Collecting Punk Memorabilia

It is hard to believe that it was over 30 years ago that the Sex Pistols played their controversial version of ‘God Save the Queen’ in 1977. The tabloid press was in a frenzy. Died in the wool Punk fans would say that the movement had already died by 1977, but most people’s awareness of Punk started here. Punk as ‘public enemy number one’ remained in the consciousness of the British public and left a legacy that lives on to this day.

Any punk memorabilia that survived the raucous concerts and general anarchy would make a brilliant collection. Punk memorabilia, especially clothes have become very collectable and are sought after by collectors as well as museums. Fashion design, graphic design, music and film all owe a huge debt to this creative movement.

When collecting Punk memorabilia we should remember that Punk as a movement is something that is hard to define.  It was a way of life for fans, from attitude to clothing and general outlook on life and its anti-establishment message.  For the general public the best representation of all that was bad about the Punk movement was personified in the band ‘The Sex Pistols’, which had been the brainchild of manager Malcolm McLaren.  The were part of the ‘Punk package’ that were spreading their anti-establishment message throughout the country.

The media outcry and huge take-up by a disaffected youth was better than any music marketing campaign you could run today.  It gave the youth of Britain a sense of focus while poking fun at the establishment and everything the country valued.

Armed with slogans on t-shirts, bondage style clothing and a variety of merchandise, The Sex Pistols took their campaign around the country.  In the 1970s the British view of royalty, politics and public order was vastly different to our more cynical views of today.  Malcolm McLaren and fashion designer Vivienne Westwood had a huge influence on the movement with their clothes designs, which were worn by The Sex Pistols and would be very desirable for anyone collecting Punk memorabilia.

Although the outer trappings of the Punk movement, such as the clothes and hair styles could be acquired by anyone, the essence of the Punk movement was a question of attitude.  Punk was about questioning the status quo and encouraging people to think outside the box.  Punk worked on different levels and was interpreted differently all over the country.  We tend to remember the most extreme images of the Punk movement such as the giant spiky hair and the ripped clothing held together with safety pins.  Clothing, artwork and other memorabilia from this period challenged conformity and English history and youth are embedded in them.  It’s unique British fashion and could not have happened anywhere else.  The clothing of the period shocked, intrigued and still amazes us and kids were actually arrested and charged with indecency for wearing them.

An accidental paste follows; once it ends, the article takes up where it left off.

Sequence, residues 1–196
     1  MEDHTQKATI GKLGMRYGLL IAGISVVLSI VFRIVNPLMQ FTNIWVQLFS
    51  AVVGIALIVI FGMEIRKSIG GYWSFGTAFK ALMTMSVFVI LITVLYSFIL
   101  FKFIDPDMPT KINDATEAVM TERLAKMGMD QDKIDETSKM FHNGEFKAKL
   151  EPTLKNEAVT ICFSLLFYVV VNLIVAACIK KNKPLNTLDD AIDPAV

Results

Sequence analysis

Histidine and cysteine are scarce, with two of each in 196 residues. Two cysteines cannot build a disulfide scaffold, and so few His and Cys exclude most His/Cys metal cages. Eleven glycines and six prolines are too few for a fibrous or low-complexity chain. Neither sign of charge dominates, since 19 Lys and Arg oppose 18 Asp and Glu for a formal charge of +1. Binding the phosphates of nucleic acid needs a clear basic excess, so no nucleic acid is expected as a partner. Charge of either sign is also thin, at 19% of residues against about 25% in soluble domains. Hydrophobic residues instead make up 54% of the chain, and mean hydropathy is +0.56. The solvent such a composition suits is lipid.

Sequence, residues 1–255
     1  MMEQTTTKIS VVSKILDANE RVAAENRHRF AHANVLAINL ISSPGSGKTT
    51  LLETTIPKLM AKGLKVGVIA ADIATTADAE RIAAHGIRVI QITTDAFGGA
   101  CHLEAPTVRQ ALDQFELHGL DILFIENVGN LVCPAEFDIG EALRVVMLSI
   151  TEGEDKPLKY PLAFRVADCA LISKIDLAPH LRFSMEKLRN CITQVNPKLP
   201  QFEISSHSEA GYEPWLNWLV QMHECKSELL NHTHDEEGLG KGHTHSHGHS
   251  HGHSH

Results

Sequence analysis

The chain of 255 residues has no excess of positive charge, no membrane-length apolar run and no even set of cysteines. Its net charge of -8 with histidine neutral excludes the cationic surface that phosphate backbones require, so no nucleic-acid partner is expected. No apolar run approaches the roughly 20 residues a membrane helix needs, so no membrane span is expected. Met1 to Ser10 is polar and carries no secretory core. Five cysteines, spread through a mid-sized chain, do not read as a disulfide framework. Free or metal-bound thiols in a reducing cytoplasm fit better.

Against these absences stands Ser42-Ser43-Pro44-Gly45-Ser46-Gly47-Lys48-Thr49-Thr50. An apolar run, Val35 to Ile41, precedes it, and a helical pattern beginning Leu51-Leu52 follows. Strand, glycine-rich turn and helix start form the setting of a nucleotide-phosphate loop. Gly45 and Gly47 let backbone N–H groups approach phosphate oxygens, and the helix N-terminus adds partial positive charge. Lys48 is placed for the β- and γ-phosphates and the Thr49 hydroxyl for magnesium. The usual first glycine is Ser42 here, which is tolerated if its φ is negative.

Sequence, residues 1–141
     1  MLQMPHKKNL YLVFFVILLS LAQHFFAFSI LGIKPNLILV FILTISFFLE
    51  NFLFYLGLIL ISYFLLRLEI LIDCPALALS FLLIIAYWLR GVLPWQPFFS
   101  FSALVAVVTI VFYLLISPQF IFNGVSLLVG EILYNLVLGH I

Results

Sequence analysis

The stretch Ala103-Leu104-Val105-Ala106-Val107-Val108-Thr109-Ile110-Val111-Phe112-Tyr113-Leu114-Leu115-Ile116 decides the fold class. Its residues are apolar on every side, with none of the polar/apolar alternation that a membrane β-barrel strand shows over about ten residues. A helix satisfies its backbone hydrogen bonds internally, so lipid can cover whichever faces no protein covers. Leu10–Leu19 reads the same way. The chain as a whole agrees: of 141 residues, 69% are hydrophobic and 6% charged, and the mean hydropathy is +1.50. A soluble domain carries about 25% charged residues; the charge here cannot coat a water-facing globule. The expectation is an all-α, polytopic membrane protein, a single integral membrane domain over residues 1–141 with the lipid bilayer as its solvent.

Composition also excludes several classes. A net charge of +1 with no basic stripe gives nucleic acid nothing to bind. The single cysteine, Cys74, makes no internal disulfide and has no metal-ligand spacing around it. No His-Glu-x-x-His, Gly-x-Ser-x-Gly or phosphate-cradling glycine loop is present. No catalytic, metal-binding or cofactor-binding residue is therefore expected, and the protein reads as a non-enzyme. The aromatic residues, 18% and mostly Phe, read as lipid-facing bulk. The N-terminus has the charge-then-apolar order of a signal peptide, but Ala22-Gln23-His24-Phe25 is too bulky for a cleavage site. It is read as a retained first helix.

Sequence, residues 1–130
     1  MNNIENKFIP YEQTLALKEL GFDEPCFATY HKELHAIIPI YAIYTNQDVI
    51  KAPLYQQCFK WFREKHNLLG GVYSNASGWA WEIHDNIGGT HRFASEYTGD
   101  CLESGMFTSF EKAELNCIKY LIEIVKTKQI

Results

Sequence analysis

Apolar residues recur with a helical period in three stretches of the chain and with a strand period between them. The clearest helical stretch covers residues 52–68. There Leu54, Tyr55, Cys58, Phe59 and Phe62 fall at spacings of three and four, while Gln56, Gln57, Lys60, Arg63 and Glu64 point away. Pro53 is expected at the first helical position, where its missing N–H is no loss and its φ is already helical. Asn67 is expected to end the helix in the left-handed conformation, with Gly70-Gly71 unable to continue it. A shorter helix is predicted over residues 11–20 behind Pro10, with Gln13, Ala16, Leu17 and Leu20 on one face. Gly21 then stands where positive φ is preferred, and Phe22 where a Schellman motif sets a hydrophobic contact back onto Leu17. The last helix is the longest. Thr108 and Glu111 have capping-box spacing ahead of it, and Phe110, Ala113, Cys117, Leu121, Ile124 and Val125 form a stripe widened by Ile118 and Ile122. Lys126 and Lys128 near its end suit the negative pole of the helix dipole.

However, times change and what was once seen as ‘the enemy’ has become part of the great British institution of eccentricity.  The impact can be seen today when new bands are wearing Punk inspired clothing.  Museums, fashion magazines, celebrities and today’s youth are now recognising the power of the Punk movement and looking at it afresh.

Punk memorabilia is much sought after now.  The clothes sold at the time by Malcolm McLaren and Vivienne Westwood were not cheap, with t-shirts priced at £6  and shoes costing as much as £60.  If you’ve got any of your old Punk clothes stored in the attic you could make some money – the t-shirts are now sold for upwards of £100, depending on design and condition.  Although pristine pieces are always sought after, remember that these clothes were part of an underground movement and bear the scars of gigs and parties.

The clothing should be considered as combined works of fashion and art.  The screen-printed designs and slogans of Jamie Reid and Vivienne Westwood’s individual style made for an impressive combination.  Taking the image of Queen Elizabeth II and modifying it with a safety pin has a strong impact even today.  In the 1970s, the motifs and wording on this clothing challenged the British ‘stiff upper lip’.

If the T-shirts are out of your price range there are other things to collect.  Posters and flyers are always a great snapshot of the time.  Gigs were frequent and bands came and went.  The Sex Pistols were hugely commercial but were quite tame compared with some of the other bands.   Posters were often produced cheaply and quickly and reproduced on simple copying machines, but few have survived.  They were disposable items designed to create short term awareness.  If you can get hold of one they look great framed.  Prices are reasonable – a flyer can cost £10-£60, depending on the band.  Posters cost more and their impact is greater.  You can build a collection of Punk memorabilia in a relatively short time and on a small budget. 

You need a slightly larger wallet if you want to collect the original records.  Among the most sought after are The Sex Pistols ‘God Save The Queen/No Feelings (A&M 1977 AMS 7284) priced at £7,500 plus.  XTC ‘Science Friction/She’s So Square’ (Virgin 1977 VS188) unreleased in picture sleeve £2,500 plus.   Joy Division ‘An Ideal For Living’ EP (Enigma 178 PSS 139) £800 plus.  Generation X ‘Your Generation/Day By Day’ (77 Chrysalis CHS 2165) unreleased picture sleeve showing pre-peroxide Billy Idol £500 plus.

If you are a collector and interested in Twentieth Century popular culture collecting Punk memorabilia would be a good starting point.

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